Sociology and Anthropology Monday: Lawrence Krader

Dropped on:April 21, 2014
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Sociology and Anthropology Monday
April 21, 2014
Lawrence Krader (1919-1998)

Lawrence Krader was born in New York City and died in Berlin, Germany. He was known in Anthropology as one of the world’s leading experts on the peoples of Soviet Central Asia, having both written a leading textbook on the subject and leading many expeditions to that part of the world. He was the first Western anthropologist after World War II allowed into Central Asia. He was also known for his edition and transcription of the Ethnological Notebooks of Karl Marx – a collection of Marx’s unpublished notebooks on the writings of Lewis Henry Morgan, John Budd Phear, Henry Sumner Maine and John Lubbock.

Krader was part of a politically activist group of students at CCNY in the late 1930’s and early 1940’s who occupied Alcove 2 in the cafeteria of the City College. What linked them was their commitment to some form of socialism/anarchism and their fierce opposition to Stalinism (the pro-Stalinist students met in Alcove 1). Although small in number, these students went on to influence the directions in American social science and the humanities. Their number included, along with Krader: Daniel Bell, Nathan Glazer, Irving Howe, Irving Kristol, Seymour Lipset, Seymour Melman, and Philip Selznick, among others.

Krader studied philosophy with Morris R. Cohen, Abe Edel, and Phil Wiener at City and then spent a year (1939) as a student of Rudolf Carnap at the University of Chicago before returning to graduate from City, serving as a research assistant to the logician, Alfred Tarski.  Meetings with Franz Boas and his students at Columbia University helped turn his interest to linguistics and anthropology, which he studied after his release from the US Merchant Marine at the end of WWII. He studied linguistics with André Martinet and later with Roman Jakobson and taught linguistics while a doctoral candidate at Harvard in the early 1950s.  Krader worked with Karl A. Wittfogel at the Far Eastern Institute at the University of Washington in Seattle and then completed a PhD at Harvard University on the Altaic speaking peoples of the Asian Steppes. His path to field work in that area was eased by his having received a medal from the Soviet government for his participation as a member of the US Merchant Marine in the perilous Murmansk run to supply the Russians who were besieged in Stalingrad.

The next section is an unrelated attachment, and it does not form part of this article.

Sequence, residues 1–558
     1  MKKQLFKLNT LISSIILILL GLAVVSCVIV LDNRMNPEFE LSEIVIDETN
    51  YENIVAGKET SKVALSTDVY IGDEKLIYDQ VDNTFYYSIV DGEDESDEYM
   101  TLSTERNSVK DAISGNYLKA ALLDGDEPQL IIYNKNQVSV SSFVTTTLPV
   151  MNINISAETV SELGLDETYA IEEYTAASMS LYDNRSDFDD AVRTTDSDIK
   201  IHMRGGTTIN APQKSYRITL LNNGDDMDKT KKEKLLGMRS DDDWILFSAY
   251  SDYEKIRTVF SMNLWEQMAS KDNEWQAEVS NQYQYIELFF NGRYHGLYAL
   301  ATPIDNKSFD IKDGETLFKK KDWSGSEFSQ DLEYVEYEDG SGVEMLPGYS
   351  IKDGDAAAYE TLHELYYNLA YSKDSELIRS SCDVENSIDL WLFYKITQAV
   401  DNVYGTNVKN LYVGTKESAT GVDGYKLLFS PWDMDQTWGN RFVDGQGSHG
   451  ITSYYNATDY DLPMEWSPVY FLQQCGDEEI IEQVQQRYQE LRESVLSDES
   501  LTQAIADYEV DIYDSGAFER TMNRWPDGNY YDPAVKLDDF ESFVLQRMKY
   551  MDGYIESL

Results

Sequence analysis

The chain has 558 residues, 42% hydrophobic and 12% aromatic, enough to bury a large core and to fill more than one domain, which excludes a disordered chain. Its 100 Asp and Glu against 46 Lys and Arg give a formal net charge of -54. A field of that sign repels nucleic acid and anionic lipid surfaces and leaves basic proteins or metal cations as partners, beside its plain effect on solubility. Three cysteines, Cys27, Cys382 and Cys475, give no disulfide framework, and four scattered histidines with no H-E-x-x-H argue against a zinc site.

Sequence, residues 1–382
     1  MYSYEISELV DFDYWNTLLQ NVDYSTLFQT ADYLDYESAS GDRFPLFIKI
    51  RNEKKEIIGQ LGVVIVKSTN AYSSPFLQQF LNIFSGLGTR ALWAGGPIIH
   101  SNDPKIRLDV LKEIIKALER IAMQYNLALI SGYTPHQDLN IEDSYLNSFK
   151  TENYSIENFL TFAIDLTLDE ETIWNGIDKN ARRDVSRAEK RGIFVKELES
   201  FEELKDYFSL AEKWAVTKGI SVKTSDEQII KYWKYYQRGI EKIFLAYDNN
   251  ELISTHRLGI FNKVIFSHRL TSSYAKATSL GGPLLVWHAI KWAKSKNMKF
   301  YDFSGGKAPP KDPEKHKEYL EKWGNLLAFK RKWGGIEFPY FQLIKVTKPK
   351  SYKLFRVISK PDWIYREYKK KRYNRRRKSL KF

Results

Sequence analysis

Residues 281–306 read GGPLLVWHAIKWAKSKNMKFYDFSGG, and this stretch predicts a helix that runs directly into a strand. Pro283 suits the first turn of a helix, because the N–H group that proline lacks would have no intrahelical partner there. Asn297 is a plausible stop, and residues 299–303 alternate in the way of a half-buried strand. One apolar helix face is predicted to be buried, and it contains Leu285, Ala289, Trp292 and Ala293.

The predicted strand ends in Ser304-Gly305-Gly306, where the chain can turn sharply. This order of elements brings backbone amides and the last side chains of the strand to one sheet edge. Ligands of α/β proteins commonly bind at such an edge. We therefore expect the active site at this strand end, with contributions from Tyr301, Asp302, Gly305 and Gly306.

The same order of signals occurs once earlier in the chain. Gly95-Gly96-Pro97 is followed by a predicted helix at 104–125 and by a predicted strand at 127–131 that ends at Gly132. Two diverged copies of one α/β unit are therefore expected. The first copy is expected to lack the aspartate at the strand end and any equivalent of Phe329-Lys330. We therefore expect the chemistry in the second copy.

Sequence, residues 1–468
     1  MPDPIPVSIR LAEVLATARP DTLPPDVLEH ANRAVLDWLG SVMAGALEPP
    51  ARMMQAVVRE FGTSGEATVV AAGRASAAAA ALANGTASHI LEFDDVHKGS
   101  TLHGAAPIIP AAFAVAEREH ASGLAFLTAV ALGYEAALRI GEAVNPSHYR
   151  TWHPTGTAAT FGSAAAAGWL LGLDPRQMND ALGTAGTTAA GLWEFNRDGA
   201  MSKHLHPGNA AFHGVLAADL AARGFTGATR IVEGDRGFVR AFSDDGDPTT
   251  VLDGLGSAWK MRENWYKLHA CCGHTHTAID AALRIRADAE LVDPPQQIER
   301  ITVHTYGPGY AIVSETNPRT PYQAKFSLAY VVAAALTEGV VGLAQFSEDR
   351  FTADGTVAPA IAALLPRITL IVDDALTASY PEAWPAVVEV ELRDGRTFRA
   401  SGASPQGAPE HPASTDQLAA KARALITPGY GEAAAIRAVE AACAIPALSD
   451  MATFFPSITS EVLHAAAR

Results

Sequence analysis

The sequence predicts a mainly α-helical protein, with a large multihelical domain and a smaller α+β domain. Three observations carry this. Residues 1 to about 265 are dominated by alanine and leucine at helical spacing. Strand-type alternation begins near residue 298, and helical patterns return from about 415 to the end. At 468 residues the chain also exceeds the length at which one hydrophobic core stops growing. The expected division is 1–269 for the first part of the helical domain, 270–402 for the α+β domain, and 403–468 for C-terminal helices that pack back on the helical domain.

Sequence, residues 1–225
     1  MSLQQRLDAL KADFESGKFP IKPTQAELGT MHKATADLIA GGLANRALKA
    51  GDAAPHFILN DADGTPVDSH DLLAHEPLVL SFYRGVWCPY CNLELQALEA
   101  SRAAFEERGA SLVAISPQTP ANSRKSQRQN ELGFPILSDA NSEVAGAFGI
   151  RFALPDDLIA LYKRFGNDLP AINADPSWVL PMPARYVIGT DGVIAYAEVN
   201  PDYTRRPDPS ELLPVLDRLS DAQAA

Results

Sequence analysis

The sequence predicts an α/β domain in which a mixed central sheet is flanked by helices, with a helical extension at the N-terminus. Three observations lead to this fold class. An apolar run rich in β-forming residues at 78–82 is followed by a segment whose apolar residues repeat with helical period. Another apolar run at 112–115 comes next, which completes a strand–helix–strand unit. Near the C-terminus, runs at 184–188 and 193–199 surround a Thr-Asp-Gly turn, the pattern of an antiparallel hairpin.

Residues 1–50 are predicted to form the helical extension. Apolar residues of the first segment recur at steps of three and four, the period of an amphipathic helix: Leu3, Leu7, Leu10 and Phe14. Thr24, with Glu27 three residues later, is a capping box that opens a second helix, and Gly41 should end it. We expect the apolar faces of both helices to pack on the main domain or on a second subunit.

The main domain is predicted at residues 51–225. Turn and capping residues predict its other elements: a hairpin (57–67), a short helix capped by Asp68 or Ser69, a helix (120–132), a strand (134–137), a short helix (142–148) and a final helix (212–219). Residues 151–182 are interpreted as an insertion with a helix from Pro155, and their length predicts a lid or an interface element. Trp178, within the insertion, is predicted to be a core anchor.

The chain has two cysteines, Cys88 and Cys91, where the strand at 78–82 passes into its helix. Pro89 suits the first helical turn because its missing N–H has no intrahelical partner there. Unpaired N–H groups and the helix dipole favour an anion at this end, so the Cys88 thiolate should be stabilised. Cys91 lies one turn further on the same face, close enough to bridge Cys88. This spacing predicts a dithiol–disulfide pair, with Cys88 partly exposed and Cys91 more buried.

Krader taught at several American universities, including Ohio, Syracuse, CUNY and served as chair of the joint sociology-anthropology department at the University of Waterloo in Ontario, Canada. From 1972 until his retirement as emeritus professor he was the director of the InstitutfürEthnologie at the FreieUniversität Berlin. Both an expert on and a critic of Marx he published works related to Marx’s anthropology, and classical and contemporary economics. His posthumously published magnum opus, Noetics, (published in 2010) which he began writing as a student in philosophy in 1937, is a work which encompasses many fields including: aesthetics, epistemology, evolutionary theory, linguistics, the history of mathematics and mathematical logic, the history of philosophy, logic,  philosophical and empirical anthropology, and the philosophy of science, among others.

In 1998 the Lawrence Krader Research Project was established at McMaster University in Hamilton, Ontario, Canada to publish some of his many unpublished manuscripts in conjunction with contemporary scholarship in aesthetics, anthropology, history, linguistics, mathematical logic, philosophy, sociology and related disciplines.  Fluent in all the major European languages as well as in classical Greek and Latin, he lectured widely across Europe.


The Lawrence Krader Research Project (

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